Business owners always think about cutting costs. They have the belief that they will spend more when they employ and accommodate more people with disabilities, but that assertion is incorrect.
Do you know, that as a small business owner you may be eligible for three federal tax incentives by just employing and accommodating people with disabilities at your workplace? Businesses owners who employ and accommodate people with disabilities have access to Disabled Access Credit, Architectural Barrier Removal Tax Deduction and Work Opportunity Tax Credit.
Disabled Access Credit, a non-refundable tax credit, was specifically developed to incentivize businesses that accommodate workers with disabilities. Businesses that promote disability employments and has annual turnover of $1 million or less in gross receipts with no more than 30 employees are eligible for the Disabled Access credit. The credit serves as the cost of improving access to business by removing physical barriers, provision of appropriate communication support or other equipment.
Removal of architectural and transportation barriers for accessibility and mobility can help a business qualify for a $15,000-per-year tax deduction under the Architectural Barrier Removal Tax. This deduction incentive is made available to all businesses that remove architectural and transportation barriers.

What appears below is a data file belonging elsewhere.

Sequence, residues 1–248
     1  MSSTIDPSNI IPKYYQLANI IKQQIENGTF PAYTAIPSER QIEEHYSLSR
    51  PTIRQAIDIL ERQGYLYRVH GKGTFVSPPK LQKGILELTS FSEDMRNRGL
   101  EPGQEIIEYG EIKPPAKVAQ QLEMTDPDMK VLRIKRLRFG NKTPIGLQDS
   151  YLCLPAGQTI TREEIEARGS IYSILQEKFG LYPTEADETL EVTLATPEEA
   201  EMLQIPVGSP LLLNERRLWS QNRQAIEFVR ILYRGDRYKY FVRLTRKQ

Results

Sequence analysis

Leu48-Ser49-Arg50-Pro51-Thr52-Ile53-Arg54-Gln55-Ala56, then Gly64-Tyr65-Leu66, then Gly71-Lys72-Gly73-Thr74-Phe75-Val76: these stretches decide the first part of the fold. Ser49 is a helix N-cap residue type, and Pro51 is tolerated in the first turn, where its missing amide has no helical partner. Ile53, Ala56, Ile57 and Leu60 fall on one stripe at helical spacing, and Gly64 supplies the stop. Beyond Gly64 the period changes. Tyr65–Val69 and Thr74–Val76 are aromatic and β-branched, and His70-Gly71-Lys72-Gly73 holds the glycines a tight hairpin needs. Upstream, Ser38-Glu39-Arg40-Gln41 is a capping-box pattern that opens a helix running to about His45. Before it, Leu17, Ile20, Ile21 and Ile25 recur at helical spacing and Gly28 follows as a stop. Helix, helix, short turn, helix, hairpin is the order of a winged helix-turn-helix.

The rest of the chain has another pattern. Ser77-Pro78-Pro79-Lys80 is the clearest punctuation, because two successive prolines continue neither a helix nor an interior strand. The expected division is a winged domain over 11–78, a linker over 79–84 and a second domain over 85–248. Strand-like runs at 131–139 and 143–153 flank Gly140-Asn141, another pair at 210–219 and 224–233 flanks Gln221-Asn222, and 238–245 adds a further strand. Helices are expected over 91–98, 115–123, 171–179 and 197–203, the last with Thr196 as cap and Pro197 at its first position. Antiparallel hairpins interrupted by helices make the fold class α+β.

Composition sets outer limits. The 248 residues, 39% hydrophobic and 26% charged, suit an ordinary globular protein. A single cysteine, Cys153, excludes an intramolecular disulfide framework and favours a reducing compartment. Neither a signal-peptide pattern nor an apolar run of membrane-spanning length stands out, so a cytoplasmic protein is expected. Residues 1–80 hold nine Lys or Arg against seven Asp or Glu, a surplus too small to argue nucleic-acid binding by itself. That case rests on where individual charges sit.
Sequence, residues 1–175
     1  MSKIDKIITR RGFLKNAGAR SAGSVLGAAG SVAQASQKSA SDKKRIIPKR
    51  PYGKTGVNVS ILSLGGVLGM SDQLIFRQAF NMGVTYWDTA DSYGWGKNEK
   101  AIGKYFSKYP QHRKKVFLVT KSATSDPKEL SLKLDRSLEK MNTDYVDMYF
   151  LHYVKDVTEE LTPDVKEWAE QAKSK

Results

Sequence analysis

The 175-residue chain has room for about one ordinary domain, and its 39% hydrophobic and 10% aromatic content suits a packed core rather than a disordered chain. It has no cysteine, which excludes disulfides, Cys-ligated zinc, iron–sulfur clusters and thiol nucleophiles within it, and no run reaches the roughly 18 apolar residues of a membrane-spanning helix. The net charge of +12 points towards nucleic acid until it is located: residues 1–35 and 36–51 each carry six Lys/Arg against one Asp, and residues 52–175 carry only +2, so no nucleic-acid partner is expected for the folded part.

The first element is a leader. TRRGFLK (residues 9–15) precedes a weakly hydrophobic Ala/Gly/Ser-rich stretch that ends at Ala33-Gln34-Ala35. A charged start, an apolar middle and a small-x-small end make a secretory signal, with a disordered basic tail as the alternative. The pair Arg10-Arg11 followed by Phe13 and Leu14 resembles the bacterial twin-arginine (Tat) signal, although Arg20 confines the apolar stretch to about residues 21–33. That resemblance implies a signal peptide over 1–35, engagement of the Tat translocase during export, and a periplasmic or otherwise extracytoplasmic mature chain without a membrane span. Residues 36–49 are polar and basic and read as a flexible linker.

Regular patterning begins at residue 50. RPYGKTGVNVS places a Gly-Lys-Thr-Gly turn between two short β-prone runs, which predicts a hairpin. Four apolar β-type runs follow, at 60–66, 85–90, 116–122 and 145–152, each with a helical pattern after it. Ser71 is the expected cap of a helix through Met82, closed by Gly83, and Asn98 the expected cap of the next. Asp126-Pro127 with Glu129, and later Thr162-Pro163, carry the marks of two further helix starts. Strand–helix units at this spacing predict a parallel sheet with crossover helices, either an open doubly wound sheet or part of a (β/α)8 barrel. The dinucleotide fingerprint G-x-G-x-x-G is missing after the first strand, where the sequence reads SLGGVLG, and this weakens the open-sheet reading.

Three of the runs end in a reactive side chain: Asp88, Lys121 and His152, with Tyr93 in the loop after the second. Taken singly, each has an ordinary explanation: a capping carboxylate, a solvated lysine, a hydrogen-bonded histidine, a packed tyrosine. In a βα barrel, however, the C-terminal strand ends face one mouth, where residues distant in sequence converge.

When business owners employ people with disabilities, veterans and ex-felon into their workforce, they qualify for a Work Opportunity Tax Credit, the credit ranges from $1,200 to $9,600, depending on the employee hired and their length of employment.
There are a lot of benefits in hiring people with disabilities, owners of small businesses choose not to, because they don't know about the basic benefits.
"In addition to the 3 tax benefits, business owners do report an average return of $28.69 in benefits for every dollar they spend on accommodating people with disabilities," The US Department of Labor Job Accommodation Network (JAN) said. "About 60 percent of business owners recently discovered that there was no cost associated with the accommodation needed for their new hires with disabilities."